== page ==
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I recently played a tournament game with no time control. It takes my opponent at least 5 minutes, sometimes longer, to make (almost) every move. The game started at 6pm and lasted 3.5 hours. If I also move as slow as he does, the game may not end until midnight and it will be inconvenient for myself and my family (my opponent is an unmarried man). Later in the game, I lost my patience and made a few fast moves (including a blunder) to avoid dragging the game out too long. Eventually the game ended in a draw.

Technically he did not violate any rules; without a time control, he has every right to take his time for all the moves. Practically I find it inconvenient for me. Is there anything that I can do about it in a no-time-control tournament?

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    If you find no time control tournaments very slow then why do you join them? I don't think there's any way to make the game faster unless you ask your opponent to take less time(which you can't as they are playing with no time control). Apr 14, 2022 at 3:41
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    I had never heard of a non time-control tournament before. Are they common? Where? Apr 14, 2022 at 4:26
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    3.5 hours isn't especially long for a Tournament OTB game
    – Ian Bush
    Apr 14, 2022 at 6:42
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    The only "no control" tourneys I know of are the <12 year kids championships in our town and even there the direction reserved to add a clock "in good judgement" if it drags out eternally. (Always worked.) Apr 14, 2022 at 7:03
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    @AbhyudayVaish, this is a tournament organized by my school for the teachers to play against the students. I feel (almost) obligated to participate. Usually my opponents (as students) are not as patient, but this time my opponent is unusually slow.
    – Zuriel
    Apr 14, 2022 at 14:14

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I have only ever been the arbiter in two official tournaments where there was no time control. Both were for very weak juniors. Games were scheduled for 30 minutes and so any game that lasted for 20 minutes and which looked like it could drag on had a clock introduced with 5 minutes per player and no increment. In those cases the mere introduction of a clock led to an impressive speeding up of the players.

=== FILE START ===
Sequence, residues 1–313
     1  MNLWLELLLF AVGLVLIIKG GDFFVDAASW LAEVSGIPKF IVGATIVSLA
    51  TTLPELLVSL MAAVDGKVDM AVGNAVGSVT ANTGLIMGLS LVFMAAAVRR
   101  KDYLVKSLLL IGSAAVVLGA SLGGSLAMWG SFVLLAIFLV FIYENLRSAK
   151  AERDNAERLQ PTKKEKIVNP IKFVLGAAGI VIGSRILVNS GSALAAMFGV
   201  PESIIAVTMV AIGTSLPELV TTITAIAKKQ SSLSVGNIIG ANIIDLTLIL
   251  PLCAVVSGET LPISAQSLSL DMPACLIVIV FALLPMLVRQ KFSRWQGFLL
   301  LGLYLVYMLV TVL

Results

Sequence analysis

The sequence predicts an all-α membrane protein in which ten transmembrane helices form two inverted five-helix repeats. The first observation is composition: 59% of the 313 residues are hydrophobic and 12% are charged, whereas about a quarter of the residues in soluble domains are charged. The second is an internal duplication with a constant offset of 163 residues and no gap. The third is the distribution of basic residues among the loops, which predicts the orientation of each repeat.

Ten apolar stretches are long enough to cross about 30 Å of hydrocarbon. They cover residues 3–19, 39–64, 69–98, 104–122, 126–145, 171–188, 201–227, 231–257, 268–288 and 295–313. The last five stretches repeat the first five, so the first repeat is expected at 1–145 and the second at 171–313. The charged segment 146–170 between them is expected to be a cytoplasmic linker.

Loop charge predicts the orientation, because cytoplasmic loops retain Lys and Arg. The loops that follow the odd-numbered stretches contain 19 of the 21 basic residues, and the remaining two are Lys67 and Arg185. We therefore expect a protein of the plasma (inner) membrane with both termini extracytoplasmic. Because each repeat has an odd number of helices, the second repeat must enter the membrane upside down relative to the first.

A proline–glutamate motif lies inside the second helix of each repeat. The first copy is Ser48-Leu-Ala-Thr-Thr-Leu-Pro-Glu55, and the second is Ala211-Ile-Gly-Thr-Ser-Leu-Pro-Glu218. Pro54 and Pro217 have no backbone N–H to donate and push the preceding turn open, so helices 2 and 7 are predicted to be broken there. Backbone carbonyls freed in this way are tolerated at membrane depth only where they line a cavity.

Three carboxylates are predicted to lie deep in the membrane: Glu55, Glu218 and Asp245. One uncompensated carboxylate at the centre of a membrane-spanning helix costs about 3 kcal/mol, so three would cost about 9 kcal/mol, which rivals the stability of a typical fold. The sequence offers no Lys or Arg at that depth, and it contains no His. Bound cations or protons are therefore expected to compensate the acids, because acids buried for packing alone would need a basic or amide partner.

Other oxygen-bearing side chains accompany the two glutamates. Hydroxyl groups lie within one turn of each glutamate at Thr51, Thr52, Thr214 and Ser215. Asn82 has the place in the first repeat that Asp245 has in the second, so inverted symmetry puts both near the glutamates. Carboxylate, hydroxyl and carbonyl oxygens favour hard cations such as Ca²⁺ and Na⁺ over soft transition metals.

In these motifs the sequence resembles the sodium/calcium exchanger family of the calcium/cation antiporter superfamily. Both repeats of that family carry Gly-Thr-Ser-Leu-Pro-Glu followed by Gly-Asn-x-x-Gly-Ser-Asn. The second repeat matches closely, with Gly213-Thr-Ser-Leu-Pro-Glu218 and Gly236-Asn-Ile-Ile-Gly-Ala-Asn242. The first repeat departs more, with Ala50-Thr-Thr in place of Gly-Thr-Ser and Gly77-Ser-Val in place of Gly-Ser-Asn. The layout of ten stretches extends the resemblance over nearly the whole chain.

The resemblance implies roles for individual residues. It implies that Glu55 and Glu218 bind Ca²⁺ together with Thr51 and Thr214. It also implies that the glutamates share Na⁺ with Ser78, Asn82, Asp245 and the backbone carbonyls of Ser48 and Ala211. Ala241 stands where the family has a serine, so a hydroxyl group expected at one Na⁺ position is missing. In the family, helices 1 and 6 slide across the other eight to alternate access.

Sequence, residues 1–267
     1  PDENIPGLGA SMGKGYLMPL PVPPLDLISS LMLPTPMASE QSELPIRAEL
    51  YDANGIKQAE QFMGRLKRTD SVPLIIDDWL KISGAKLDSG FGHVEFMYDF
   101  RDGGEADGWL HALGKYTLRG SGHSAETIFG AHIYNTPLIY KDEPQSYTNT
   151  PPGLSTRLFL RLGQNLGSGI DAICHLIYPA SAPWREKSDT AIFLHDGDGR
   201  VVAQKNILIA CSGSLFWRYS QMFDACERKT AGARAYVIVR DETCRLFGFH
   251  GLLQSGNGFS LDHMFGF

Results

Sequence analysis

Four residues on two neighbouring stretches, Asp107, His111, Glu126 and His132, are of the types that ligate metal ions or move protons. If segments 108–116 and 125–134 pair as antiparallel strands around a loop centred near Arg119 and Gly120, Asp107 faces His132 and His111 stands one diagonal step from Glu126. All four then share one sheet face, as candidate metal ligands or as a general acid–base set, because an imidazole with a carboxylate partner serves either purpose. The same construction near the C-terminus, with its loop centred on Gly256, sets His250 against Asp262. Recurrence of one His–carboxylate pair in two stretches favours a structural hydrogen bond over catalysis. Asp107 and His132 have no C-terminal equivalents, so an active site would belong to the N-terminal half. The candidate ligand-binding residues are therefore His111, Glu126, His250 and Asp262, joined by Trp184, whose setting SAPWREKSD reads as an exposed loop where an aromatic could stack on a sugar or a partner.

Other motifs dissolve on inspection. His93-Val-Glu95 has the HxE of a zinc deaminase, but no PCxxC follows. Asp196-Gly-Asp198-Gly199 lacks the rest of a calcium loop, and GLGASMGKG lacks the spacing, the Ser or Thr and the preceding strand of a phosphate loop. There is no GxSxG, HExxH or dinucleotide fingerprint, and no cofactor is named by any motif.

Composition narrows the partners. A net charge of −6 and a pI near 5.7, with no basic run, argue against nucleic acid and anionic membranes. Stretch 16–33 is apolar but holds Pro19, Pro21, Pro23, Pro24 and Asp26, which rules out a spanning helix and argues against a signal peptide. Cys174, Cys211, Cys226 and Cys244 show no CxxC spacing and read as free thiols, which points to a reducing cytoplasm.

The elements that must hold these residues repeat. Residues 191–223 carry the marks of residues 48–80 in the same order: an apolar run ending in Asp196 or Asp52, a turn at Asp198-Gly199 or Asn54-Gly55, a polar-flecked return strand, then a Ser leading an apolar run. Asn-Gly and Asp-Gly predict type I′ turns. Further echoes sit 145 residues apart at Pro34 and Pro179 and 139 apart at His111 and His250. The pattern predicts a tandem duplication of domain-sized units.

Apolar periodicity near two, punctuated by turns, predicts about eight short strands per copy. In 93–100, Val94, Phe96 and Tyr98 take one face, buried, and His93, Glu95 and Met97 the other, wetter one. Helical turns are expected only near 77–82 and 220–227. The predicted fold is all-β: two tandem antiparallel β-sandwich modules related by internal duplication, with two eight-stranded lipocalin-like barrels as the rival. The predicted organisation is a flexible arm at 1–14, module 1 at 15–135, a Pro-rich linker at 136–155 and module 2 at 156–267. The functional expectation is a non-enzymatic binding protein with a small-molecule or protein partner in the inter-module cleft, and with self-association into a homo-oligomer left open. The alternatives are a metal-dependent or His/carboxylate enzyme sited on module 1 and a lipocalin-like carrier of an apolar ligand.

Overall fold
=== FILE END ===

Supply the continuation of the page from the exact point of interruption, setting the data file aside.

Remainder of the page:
I'm guess that you are neither a junior nor a very weak player, which begs the question, how did you even manage to find such a tournament which would accept you as one of the players?

Nevertheless, the answer to your problem is simple. If such tournaments don't suit you then don't enter. Unless you are incarcerated in an institution you almost certainly have other choices open to you.

If the tournament is particularly attractive to you for other reasons then perhaps suggest to the organizers that they introduce clocks for games which last more than a certain time, say 4 hours in the case that it starts at 6pm. After all, the organizers will also have homes to go to and they also have a limit on the time they are allowed in the building.

If 3.5 hours is too long for you to play a game of chess (insufficient patience / sitzfleisch) then play in tournaments with quick, clock-controlled time controls like rapid or blitz.

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    Thank you for your answer! This is a tournament organized by my school for the teachers to play against the students. I feel (almost) obligated to participate. Usually, my opponents (as students) are not as patient, but this time my opponent is unusually slow.
    – Zuriel
    Apr 14, 2022 at 14:17
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    Then next time I would suggest to the organizer to have a rule to introduce clocks after a certain time (say 2 hours). You could offer to liaise with your chess club to borrow some clocks for the evening.
    – Brian Towers
    Apr 14, 2022 at 16:35

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